Life in the Lab

How can labs reopen safely?

Critical thinking and the courage to speak up are essential as we navigate this uncharted territory
Elizabeth Stivison
July 3, 2020

Labs are trying to reopen and get back to research while not spreading COVID-19. Great goal, but how do we do that? For this article, I’m taking a look at best practices for reopening labs and what we who spend our days at the lab bench need to be asking ourselves as we move forward.

Many universities and research institutes have published guidelines on their websites. When in doubt, follow your institution’s guidelines.

Make sure the guidelines that your lab or institution has decided on are communicated clearly and often. It’s important that everyone is on the same page, and having the rules in writing will help achieve that.

However, this is uncharted territory, so we should all think critically about what to do and work together (from a distance) to make sure we’re doing what’s best. To this end, I looked at the Centers for Disease Control and Prevention guide for reopening, which states, “All employers should implement and update as necessary a plan that is specific to your workplace.” I then asked how this applies to labs.

Just as labs are different from offices, every lab is different from every other lab. Everything varies, from the number of people to the building’s ventilation system. A lab with two people is going to make different decisions and rules than a lab with 20 people, and a wet lab is going to make different decisions than a dry lab, and so on. Because of this variability, I’ve included guidelines and lab-specific info, but I’ve also included questions to ask about your lab and institution.

Students, postdocs and technicians don’t set institutional policies, but we can talk to our principal investigators about how to work things in our own labs and advocate for policies if we need to. I suggest talking to your PI first about any reopening questions; that way if any big issues come up, you’re on the same page and can work things out together.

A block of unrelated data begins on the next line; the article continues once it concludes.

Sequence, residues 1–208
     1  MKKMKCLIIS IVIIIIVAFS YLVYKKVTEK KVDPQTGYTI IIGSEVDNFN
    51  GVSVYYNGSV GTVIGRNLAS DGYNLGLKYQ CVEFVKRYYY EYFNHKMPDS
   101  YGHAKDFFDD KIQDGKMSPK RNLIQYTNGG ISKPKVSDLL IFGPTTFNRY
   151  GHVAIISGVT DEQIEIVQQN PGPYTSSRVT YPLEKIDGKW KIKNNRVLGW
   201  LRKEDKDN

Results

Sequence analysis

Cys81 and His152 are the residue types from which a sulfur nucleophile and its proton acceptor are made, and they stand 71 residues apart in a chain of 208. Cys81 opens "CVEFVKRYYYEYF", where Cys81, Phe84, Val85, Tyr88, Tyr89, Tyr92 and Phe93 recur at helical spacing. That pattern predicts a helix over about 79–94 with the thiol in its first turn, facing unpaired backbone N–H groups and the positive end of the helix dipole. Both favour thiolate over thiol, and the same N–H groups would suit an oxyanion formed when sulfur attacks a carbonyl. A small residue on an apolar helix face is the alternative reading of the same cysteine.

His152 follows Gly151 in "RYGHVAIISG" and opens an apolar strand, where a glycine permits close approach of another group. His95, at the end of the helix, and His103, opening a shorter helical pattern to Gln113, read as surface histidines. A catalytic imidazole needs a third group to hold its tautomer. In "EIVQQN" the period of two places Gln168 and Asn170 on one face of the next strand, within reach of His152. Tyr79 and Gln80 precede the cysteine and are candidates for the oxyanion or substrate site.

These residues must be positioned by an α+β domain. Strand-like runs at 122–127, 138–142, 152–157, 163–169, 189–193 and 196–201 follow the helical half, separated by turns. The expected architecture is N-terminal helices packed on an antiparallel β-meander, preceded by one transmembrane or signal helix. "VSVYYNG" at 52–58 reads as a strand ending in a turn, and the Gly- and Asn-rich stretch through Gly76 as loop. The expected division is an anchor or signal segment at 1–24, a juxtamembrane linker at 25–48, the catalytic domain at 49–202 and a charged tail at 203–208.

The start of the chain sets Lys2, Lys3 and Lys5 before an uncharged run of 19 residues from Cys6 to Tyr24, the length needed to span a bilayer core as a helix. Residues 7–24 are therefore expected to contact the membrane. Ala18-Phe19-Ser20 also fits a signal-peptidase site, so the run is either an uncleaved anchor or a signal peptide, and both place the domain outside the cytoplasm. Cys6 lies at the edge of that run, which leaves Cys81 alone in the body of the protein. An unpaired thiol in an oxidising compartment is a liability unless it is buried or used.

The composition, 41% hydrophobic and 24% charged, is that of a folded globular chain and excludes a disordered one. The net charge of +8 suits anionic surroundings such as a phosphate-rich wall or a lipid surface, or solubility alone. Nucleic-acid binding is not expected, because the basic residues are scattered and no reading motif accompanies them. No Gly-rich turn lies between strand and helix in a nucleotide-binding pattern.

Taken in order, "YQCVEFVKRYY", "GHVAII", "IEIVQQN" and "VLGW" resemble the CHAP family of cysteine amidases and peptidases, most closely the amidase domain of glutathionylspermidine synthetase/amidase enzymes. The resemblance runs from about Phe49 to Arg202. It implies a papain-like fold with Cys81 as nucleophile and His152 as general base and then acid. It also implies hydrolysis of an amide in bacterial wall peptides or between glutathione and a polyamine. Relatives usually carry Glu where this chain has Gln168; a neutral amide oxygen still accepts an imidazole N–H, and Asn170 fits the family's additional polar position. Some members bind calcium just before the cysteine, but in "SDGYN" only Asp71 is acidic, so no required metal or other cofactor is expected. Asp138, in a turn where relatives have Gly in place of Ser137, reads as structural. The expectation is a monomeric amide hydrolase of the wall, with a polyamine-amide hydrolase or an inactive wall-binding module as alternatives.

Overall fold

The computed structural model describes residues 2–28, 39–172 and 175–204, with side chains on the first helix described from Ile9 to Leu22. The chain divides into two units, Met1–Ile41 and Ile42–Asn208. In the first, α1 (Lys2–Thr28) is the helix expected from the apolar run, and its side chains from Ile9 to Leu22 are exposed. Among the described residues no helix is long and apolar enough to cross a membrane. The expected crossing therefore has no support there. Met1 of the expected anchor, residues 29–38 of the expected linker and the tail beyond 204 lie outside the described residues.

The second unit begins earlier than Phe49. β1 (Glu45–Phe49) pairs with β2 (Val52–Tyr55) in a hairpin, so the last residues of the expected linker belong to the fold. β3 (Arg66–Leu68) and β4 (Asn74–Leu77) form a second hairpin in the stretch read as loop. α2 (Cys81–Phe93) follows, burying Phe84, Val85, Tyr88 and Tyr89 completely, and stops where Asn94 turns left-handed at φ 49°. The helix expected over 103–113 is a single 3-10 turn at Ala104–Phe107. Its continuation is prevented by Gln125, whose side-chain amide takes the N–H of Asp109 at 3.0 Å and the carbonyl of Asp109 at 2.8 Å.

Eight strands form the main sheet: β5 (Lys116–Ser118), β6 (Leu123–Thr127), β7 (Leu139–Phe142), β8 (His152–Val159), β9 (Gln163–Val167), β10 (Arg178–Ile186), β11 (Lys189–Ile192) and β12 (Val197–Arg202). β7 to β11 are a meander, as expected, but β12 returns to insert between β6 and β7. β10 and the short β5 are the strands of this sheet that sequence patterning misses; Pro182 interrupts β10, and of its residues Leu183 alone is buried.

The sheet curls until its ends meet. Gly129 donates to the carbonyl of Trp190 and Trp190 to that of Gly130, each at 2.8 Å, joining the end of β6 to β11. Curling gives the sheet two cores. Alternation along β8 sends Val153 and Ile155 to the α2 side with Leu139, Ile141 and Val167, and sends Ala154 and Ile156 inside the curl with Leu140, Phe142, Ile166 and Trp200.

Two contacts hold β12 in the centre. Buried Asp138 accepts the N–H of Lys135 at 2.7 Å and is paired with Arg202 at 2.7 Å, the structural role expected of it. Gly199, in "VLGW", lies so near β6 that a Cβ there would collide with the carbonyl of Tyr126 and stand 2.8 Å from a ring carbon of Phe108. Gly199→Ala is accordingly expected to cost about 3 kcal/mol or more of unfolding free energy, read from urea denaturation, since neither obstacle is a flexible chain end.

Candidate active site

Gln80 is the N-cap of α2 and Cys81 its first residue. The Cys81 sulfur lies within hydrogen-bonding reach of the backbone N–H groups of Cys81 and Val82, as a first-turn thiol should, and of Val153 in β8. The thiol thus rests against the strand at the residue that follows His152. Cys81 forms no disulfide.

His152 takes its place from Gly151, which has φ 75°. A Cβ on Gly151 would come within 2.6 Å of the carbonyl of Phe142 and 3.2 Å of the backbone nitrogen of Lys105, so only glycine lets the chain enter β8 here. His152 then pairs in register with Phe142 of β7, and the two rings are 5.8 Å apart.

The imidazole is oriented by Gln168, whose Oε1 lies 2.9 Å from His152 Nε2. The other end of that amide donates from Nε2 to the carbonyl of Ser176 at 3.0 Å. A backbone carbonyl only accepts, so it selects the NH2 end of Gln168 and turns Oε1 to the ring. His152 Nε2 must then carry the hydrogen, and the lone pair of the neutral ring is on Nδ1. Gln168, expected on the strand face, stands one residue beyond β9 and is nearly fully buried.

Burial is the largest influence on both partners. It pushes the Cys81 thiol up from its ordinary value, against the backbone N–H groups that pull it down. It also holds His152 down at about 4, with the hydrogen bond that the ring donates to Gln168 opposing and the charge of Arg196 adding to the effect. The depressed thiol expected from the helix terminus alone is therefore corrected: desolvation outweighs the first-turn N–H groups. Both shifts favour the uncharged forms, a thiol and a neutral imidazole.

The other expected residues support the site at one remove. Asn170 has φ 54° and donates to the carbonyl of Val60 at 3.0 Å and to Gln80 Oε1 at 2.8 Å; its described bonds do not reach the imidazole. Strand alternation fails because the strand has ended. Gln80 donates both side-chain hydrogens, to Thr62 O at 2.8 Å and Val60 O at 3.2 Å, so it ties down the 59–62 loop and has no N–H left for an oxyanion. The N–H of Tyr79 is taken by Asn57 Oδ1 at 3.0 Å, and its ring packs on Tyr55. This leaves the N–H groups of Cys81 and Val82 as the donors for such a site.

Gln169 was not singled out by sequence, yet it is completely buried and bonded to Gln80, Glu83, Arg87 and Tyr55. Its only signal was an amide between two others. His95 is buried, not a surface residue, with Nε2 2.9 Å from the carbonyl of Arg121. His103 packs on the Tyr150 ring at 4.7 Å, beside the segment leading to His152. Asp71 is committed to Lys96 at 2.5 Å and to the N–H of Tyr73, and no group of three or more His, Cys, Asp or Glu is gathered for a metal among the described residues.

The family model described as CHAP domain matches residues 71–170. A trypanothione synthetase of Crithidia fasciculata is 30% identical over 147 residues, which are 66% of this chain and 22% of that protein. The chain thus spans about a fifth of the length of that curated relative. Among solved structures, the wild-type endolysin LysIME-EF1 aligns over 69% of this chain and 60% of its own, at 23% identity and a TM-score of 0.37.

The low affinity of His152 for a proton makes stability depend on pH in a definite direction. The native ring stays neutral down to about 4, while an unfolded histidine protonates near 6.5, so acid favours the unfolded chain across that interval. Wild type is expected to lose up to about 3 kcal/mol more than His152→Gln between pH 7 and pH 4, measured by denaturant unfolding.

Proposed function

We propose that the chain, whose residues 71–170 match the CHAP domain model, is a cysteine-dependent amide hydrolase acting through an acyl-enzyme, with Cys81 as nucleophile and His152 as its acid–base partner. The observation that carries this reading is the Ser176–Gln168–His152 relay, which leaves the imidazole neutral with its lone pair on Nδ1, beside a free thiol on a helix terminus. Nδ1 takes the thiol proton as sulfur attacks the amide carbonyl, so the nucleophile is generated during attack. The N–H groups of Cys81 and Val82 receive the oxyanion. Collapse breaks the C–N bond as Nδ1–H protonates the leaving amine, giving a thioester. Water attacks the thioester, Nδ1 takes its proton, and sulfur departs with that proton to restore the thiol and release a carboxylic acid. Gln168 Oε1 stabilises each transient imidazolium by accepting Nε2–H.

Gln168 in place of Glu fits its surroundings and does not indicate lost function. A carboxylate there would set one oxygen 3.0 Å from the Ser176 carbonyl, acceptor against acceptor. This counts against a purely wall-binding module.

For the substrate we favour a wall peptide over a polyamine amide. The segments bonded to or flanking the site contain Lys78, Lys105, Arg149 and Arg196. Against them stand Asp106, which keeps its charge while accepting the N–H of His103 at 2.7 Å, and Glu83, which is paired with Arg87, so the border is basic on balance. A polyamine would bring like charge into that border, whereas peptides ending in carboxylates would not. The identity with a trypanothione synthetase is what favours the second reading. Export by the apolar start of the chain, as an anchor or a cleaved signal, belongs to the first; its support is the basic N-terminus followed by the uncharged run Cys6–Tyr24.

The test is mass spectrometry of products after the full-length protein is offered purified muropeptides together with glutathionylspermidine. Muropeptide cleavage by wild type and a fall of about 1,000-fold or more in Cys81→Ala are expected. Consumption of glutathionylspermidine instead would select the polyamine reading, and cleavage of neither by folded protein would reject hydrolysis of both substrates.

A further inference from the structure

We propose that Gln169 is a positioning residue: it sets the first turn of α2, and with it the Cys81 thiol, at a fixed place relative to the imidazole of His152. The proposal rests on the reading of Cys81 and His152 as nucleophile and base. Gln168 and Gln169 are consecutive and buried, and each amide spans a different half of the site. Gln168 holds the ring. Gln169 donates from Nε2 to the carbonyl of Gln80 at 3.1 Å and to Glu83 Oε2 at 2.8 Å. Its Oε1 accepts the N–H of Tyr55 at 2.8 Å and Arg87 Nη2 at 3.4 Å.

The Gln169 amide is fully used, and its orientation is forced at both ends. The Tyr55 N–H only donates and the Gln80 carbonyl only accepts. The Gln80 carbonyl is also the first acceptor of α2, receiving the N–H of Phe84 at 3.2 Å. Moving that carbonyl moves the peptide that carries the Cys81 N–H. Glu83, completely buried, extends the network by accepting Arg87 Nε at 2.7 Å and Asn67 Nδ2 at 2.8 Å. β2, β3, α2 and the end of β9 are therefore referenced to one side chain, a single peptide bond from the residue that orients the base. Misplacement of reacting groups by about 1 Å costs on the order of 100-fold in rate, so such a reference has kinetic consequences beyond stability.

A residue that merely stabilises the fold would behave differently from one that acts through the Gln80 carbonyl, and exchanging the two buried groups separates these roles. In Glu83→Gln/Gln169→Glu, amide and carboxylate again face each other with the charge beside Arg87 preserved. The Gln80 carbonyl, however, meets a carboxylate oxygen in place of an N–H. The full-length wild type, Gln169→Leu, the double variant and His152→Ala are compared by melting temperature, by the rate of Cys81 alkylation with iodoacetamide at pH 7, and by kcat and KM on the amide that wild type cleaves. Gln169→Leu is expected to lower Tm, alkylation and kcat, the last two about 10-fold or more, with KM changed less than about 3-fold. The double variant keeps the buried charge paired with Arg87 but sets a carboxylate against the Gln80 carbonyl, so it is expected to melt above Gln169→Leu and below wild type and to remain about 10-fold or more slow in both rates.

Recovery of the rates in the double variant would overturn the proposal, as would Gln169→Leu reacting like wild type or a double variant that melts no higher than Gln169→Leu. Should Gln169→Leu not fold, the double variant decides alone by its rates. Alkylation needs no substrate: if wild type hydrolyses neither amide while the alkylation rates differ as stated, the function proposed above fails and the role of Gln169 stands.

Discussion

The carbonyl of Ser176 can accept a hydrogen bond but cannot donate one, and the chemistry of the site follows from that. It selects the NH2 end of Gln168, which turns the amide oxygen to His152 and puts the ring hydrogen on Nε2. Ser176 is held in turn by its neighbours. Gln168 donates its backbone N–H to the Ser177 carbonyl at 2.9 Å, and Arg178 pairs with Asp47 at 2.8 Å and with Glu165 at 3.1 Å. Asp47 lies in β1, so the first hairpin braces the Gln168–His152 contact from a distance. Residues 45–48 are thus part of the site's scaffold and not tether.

Here are the three main points from the CDC guidelines and what each might look like in lab.

1) Stay home if you are (at all) sick, or if someone you live with is sick.

By now, everyone knows this. After staying home, follow CDC guidelines for returning to work. These guidelines state that if someone had COVID-19, they should stay home at least 10 days from first symptoms or three days from the last day of fever, or, if testing is available, they should get tested (again) and test negative (though sometimes tests stay positive after the virus is gone).

What should you do if you’ve had symptoms but couldn’t get tested and don’t think it was COVID 19? What I’ve seen: People with mild symptoms stay home just in case, and, if it turns out to be nothing, they stay home another three days after recovering.

Since people likely will be staying home more than usual, it is important that employers are generous with sick leave. People who typically would come to work with a mild cold now are staying home to protect their co-workers and shouldn’t be penalized for missing work. Sick days might be more flexible for students on stipend than technicians who are paid hourly, so you should talk to your PI about these rules or perhaps contact the people in charge at your institution to get clarity. Advocate for leniency with sick time, especially for hourly workers.